I'm struggling to repay my payday loan, what can I do?

Summary: This article discusses the options available to those struggling to repay their payday loan, including some of the more common debt solutions available.

Pay day loans are a short term loan aimed to tide individuals over until payday. However, they often have high charges and interest associated, especially if they are not repaid within the agreed time. They tend to be popular with those with a poor credit rating as they are very easy to obtain. However, these individuals are also those that could be more likely to default on the loan, and ultimately struggle to repay the debt.

First step - budgeting

The first thing anyone in debt should do is to review all monthly income and outgoings and cut back on non essential expenses such as expensive television packages and/or social events. Set a weekly food allowance and stick to it. This could free up enough income to repay the debt in a reasonable time. It is also worth contacting the lender as they may be prepared to freeze the interest for a period of time.

Second step - debt solutions

If, even after budgeting, income does not cover essential expenditure and debt repayments, it may be that the debtor is insolvent. In this instance, there are several possible options:

•Individual Voluntary Arrangement (IVA). An IVA is aimed at those with more than around £10,000-£12,000 of unsecured debt, which would include pay day loans, credit cards, overdrafts etc. Provided that certain criteria are met and the creditors agree, interest is frozen and the individual repays the debt by paying an affordable monk amount, usually for a period of 5 years, after which time, any outstanding debt is usually cleared. The advantage of an IVA is that homeowners will not usually be forced into selling their home.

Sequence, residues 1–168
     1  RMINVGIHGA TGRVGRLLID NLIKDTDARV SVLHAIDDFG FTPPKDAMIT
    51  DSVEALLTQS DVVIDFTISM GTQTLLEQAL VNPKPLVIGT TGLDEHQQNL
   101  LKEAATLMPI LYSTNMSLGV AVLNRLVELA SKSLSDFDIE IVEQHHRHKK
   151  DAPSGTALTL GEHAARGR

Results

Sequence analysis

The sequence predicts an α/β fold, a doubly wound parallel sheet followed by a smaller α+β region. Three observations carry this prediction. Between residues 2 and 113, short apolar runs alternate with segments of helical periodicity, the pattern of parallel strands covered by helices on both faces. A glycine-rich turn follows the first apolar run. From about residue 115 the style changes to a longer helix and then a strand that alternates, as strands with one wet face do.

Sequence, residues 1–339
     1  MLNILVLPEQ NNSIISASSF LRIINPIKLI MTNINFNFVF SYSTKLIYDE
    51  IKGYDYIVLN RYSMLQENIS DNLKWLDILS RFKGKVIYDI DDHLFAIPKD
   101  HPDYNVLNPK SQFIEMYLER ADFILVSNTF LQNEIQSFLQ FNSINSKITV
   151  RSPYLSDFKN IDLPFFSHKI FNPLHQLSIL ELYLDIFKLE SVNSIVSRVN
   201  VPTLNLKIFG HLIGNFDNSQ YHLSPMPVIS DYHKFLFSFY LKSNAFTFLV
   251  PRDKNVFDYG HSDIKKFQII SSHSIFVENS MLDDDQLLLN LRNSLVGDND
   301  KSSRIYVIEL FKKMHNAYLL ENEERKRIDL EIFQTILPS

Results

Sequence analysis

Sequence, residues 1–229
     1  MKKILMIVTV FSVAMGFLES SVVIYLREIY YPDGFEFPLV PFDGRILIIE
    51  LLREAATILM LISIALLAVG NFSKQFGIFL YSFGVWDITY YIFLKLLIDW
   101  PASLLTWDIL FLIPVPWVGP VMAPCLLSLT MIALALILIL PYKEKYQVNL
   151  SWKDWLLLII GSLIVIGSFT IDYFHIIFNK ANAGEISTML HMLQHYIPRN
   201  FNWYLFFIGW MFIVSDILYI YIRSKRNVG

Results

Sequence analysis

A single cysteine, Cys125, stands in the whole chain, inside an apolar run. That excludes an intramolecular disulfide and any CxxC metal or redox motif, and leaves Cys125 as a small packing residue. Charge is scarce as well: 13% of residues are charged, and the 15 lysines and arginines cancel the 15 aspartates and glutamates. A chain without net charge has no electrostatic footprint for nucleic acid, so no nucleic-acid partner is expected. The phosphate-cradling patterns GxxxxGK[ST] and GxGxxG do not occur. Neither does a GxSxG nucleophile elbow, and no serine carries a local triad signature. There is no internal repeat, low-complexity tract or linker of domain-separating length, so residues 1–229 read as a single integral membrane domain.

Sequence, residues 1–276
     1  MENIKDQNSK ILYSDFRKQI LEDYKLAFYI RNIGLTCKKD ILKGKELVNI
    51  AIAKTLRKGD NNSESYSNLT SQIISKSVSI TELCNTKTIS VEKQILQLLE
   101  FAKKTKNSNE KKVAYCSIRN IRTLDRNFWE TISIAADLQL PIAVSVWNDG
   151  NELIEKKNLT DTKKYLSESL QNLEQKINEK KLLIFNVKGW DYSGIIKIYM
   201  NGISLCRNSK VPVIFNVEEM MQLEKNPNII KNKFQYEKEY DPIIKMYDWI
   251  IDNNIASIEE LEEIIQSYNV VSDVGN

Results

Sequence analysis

• Debt Relief Order (DRO). DROs are aimed at those on lower incomes with less than £50 per month left after all essential expenditure, and with up to £15,000 of unsecured debt. If granted, the DRO will last for usually 12 months, during which time, repayments to the creditors are frozen. After the 12 months, the debt will usually be cleared. While it sounds like an ideal solution, there are strict criteria for acceptance. The applicant cannot own their own home for example, nor can they own a car worth more than about £1000.

• Bankruptcy. Bankruptcy is often the last resort for many, due to the possible impact on homeowners. It is available to anyone with more than £750 of unsecured debt and who is resident in the UK. There are fees associated to bankruptcy which is in the region of £725. Bankruptcy restrictions usually last from between 12 months and 3 years, with any outstanding debt being cleared at the end.

It is important to note that with all of the above options, there will be a substantial impact to the individual’s credit rating, which could affect obtaining future credit and/or a mortgage.